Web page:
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Using Windows 7 + python 2.6, I am trying to run a simulation model in parallel. I can launch multiple instances of the executable by double-clicking on them in my file browser. However, asynchronous calls with Popen result in each successive instance interrupting the previous one. For what it's worth, the executable returns text to the console, but I don't need to collect results interactively.

Here's where I am so far:

import multiprocessing, subprocess

def run(c):
    exe = os.path.join("<location>","folder",str(c),"program.exe")
    run = os.path.join("<location>","folder",str(c),"run.dat")
    subprocess.Popen([exe,run],creationflags = subprocess.CREATE_NEW_CONSOLE)

def main():
    pool = multiprocessing.Pool(3)
    for c in range(10):
        pool.apply_async(run,(str(c),))
 pool.close()
 pool.join()

if __name__ == '__main__':
    main()

After scouring SO for a solution, I've learned that using multiprocessing may be redundant, but I need some way to limit the number of cores working.

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    Have you tried to specify different working directories for each subprocess using cwd argument? The exe probably writes some files to current directory that interferes with parallel execution. – jfs Dec 3 '12 at 5:50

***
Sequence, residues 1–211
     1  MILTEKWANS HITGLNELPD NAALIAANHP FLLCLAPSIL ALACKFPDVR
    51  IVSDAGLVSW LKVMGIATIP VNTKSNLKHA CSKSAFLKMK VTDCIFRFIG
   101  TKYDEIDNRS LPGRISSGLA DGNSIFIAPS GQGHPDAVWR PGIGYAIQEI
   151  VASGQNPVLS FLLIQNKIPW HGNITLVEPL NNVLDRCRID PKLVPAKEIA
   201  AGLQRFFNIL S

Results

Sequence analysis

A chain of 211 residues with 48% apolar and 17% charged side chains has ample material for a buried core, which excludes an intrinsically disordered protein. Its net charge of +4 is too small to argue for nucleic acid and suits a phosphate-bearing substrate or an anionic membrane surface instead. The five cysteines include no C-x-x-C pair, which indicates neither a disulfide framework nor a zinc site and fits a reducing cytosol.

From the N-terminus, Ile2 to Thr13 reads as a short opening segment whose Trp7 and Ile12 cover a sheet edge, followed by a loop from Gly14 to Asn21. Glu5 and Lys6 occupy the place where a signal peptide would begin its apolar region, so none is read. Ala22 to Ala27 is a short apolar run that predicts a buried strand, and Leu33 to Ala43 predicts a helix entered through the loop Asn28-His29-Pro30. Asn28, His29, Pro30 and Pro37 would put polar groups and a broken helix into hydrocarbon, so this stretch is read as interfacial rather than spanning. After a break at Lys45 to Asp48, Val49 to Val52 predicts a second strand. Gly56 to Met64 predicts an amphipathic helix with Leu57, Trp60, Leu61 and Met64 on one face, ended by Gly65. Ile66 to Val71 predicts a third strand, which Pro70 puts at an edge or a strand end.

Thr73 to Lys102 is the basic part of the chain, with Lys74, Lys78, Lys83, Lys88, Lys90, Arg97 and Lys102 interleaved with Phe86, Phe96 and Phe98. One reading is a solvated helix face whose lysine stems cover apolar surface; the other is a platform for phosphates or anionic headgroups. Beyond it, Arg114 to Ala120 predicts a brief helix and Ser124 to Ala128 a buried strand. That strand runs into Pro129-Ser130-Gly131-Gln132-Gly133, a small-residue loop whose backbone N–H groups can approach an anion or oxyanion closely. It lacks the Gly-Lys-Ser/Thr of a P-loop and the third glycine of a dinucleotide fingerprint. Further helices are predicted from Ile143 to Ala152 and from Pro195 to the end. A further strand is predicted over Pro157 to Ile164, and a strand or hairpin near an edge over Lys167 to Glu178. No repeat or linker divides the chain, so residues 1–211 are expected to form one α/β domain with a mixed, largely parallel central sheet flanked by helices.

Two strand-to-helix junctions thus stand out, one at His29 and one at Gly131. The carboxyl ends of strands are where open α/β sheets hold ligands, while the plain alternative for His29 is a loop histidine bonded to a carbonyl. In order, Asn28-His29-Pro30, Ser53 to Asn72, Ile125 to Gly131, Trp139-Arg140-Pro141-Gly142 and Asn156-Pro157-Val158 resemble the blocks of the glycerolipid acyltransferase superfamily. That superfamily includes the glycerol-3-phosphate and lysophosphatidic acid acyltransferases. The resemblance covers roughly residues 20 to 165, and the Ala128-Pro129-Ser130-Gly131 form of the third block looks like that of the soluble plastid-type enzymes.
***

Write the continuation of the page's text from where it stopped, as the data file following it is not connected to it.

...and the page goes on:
• 1
    you could use os.path.join to join path parts instead of direct string manipulation – jfs Dec 3 '12 at 5:51
  • Popen returns immediately so your script doesn't limit number of parallel subprocesses. You could use subprocess.call() to block until the subprocess finishes. – jfs Dec 3 '12 at 5:54
  • os.path.join, yes, of course. updated. – metasequoia Dec 3 '12 at 5:57
  • this answer demonstrates various techniques to limit number of concurrent subprocesses: it shows multiprocessing.Pool, concurrent.futures, threading + Queue -based solutions – jfs Dec 3 '12 at 6:01
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Enabled by @J.F. Sebastian's comment regarding the cwd argument.

import multiprocessing, subprocess

def run(c):
    exe = os.path.join("<location>","folder",str(c),"program.exe")
    run = os.path.join("<location>","folder",str(c),"run.dat")
    subprocess.check_call([exe,run],cwd=os.path.join("<location>","folder"),creationflags = subprocess.CREATE_NEW_CONSOLE)

def main():
    pool = multiprocessing.Pool(3)
    for c in range(10):
        pool.apply_async(run,(str(c),))
    pool.close()
    pool.join()

if __name__ == '__main__':
    main()
  • btw, there is mutiprocessing.dummy.Pool that provides the same interface but uses threads instead of processes that might be more appropriate in this case. – jfs Jan 6 '13 at 17:30

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